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Summary:

Following the IPO of solar installer SolarCity last month, Sungevity announced that it’s raised $125 million in a combo of equity and project financing. The company does sales, marketing, system design, and financing for home solar panel systems, which saw a boom year in 2012.

Sungevity mobile

Turns out there are investors out there still willing to put some big money into solar startups and solar projects — just not into the solar manufacturers right now. On Wednesday morning solar sales and marketing startup Sungevity announced that it’s raised a whopping $125 million in funding to grow its business and its solar panel rooftop projects. That round includes the $40 million in equity that Sungevity was working on last year, and the rest was project financing for its customers’ solar projects.

Competition in the residential solar panel installer business — and the accompanying services industry — has intensified as the drop in solar panel prices has led to a solar panel installation boom in the U.S. The Solar Energy Industries Association estimates that there were 3.2 GW worth of solar panel capacity installed in 2012 in the U.S., up from the 1.89 GW installed in the U.S. in 2011.

Founded in 2007, Sungevity handles sales and marketing, system designs and financing deals, for residential solar panel systems, but the company farms out the installation work to contractors. Other companies like SolarCity — which recently went public — does all that and also installs the panels. Other competitors include SunRun, Clean Power Finance,  Solar Universe, Brightergy and Solmentum.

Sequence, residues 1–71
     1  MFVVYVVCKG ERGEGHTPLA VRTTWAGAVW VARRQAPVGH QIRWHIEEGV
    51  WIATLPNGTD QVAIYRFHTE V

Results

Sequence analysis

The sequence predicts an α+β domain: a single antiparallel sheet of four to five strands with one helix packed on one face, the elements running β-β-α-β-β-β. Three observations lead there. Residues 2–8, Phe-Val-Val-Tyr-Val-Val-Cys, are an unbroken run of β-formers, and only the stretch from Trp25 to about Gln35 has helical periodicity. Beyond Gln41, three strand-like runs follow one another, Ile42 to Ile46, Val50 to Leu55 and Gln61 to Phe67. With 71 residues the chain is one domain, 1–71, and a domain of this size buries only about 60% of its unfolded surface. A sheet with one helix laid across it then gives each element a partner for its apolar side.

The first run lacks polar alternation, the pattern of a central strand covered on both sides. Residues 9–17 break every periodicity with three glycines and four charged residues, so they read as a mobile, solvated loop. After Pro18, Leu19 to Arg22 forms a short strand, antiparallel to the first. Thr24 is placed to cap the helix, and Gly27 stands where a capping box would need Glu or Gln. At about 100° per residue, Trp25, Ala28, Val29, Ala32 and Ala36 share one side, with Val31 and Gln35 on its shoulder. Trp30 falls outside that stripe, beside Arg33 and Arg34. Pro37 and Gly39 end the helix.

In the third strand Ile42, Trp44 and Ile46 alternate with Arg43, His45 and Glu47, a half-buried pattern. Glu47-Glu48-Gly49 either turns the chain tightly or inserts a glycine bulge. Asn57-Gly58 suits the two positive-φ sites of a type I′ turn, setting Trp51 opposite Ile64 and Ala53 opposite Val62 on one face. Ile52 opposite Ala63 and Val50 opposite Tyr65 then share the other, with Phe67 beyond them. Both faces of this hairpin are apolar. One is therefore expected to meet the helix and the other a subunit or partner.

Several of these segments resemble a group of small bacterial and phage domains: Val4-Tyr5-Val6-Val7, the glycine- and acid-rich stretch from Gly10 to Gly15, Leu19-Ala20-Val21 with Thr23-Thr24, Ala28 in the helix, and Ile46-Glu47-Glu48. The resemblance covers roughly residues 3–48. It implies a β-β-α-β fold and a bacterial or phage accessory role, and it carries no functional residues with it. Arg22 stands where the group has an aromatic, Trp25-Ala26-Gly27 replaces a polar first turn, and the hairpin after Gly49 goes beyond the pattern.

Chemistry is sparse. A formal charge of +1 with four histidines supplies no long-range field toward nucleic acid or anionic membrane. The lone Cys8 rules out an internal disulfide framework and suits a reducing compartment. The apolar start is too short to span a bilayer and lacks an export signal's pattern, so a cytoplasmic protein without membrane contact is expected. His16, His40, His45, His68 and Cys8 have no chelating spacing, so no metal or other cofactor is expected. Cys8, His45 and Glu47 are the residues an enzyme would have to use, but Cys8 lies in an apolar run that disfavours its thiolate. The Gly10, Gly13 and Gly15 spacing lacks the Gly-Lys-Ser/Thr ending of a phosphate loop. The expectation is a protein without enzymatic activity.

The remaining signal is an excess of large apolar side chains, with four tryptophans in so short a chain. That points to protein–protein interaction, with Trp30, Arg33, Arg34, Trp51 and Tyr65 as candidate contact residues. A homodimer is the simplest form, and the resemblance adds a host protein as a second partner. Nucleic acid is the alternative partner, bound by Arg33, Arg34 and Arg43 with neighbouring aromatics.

Sungevity, led by the charismatic former Greenpeace-r Danny Kennedy, and CEO Andrew Birch, already grew a lot in 2012. Kennedy told the New York Times for a magazine article last year, that the company’s “revenues grew by a factor of eight in 2010 and doubled again in 2011, and employees grew to 260 from 3 since the company was founded.

The equity funding came from investment fund Brightpath Capital Partners, home improvement company Lowe’s, and investors Vision Ridge Partners, Craton Equity Partners and Eastern Sun Capital Partners. The project financing came from an unnamed bank and private equity firm Energy Capital Partners.

  1. Reblogged this on 2013 Pro Bowl Blog and commented:
    4 sure, solar and robotics are the next wave so you better get in while the gettin is good.

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